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Dynamics and structure of polyelectrolyte complexes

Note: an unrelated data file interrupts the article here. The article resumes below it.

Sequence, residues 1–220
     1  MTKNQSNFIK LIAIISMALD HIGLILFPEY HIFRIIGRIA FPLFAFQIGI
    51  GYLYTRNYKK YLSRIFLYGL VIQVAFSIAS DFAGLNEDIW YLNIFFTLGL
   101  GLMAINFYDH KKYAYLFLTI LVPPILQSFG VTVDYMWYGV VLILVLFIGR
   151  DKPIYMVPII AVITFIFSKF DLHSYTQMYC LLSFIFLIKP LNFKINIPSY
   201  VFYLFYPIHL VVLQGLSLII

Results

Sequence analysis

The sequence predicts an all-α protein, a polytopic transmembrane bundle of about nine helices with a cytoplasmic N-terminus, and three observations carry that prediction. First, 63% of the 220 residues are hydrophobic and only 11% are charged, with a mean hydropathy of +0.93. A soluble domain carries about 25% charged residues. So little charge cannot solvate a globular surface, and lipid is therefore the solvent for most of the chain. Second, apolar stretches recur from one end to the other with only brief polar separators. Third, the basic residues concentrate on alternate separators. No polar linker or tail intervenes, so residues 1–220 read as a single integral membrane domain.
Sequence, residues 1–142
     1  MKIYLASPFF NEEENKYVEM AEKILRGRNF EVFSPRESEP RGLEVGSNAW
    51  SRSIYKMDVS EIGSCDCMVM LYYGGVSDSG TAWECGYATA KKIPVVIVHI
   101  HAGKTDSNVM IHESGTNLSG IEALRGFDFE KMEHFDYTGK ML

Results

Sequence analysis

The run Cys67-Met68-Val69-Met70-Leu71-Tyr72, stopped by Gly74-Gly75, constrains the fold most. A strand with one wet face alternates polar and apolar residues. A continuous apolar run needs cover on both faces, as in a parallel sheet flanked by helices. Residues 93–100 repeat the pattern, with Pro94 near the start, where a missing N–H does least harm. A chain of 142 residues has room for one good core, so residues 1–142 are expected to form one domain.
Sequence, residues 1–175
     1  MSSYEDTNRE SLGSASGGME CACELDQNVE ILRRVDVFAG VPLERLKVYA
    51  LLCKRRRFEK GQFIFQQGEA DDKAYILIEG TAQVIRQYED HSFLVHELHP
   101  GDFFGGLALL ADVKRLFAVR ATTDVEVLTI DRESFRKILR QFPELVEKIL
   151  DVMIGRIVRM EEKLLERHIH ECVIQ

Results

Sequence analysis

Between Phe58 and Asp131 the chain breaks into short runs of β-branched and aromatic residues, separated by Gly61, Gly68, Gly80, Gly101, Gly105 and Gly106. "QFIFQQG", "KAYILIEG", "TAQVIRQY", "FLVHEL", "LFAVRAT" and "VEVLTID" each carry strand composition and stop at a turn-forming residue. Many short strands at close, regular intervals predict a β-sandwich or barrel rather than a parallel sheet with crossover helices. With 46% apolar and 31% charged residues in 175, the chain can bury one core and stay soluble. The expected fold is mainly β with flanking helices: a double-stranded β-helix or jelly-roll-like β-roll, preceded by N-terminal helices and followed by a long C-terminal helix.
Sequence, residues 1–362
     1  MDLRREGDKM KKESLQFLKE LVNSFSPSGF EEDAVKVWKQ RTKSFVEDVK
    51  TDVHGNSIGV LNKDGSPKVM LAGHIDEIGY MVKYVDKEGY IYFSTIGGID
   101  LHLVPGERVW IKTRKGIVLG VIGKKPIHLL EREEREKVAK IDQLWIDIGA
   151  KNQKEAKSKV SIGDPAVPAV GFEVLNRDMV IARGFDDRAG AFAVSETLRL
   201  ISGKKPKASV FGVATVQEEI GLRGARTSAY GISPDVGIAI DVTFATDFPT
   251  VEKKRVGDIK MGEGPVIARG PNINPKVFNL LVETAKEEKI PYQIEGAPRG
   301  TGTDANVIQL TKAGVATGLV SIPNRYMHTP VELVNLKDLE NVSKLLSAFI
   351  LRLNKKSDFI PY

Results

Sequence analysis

Interaction of charged macromolecules among themselves and with charged interfaces in salty aqueous medium is a common phenomenon prevalent in biology and synthetic systems. We have addressed several inter-related issues in this general context. First we present a theory of adsorption of polyelectrolytes on the interior and exterior surfaces of a charged spherical vesicle. We derive the critical adsorption condition and the density profile of the polymer in terms of various characteristics of the polymer, vesicle, and the solution, such as the length and charge density of polymer, the radius and charge of the vesicle, the salt concentration of the solution, and the dielectric constant of the solvent. We have used the Wentzel-Kramers-Brillouin (WKB) method to solve the equation for the probability distribution function of the chain. For the polyelectrolyte inside the vesicle, the competition between the loss of conformational entropy and the attractive electrostatic energy between the vesicle and the polyelectrolyte, results in two different encapsulated states. By considering the adsorption from outside, we calculate the entropic and the energetic contributions to the free energy for the polymer being adsorbed in the interior and exterior states and the free energy penalty for the polyelectrolyte being expelled from the vesicle. The kinetics of the polyelectrolyte complexation have been studied using the Smoluchowski equation. We derive the mean distance between two oppositely charged polyelectrolytes and the reaction rate for the complexation in terms of the salt concentration and polyelectrolyte characteristics. We also calculate the half-time for the complexation process at different salt concentrations and initial distances.\\ For a vesicle, we have derived the free energy landscape of translocation through the pore by accounting for the energy penalty of bending and stretching the vesicle from due to deformation by pore. Using the Fokker-Planck formalism, we have calculated the average translocation time corresponding to the various free energy landscapes representing different parameter sets. We also discuss the dependencies of the average translocation time on the strength of the external force, vesicle size, bending and stretching moduli of the vesicle, and the radius and length of the pore. Finally, we formulate a theory of the effects of long-range interactions on surface tension and spontaneous curvature of proteinaceous shells based on the general Deryaguin-Landau-Verwey-Overbeek (DLVO) theory. we have derived the renormalized spontaneous curvature as a function of capsid's inner and outer charge density and solution properties.
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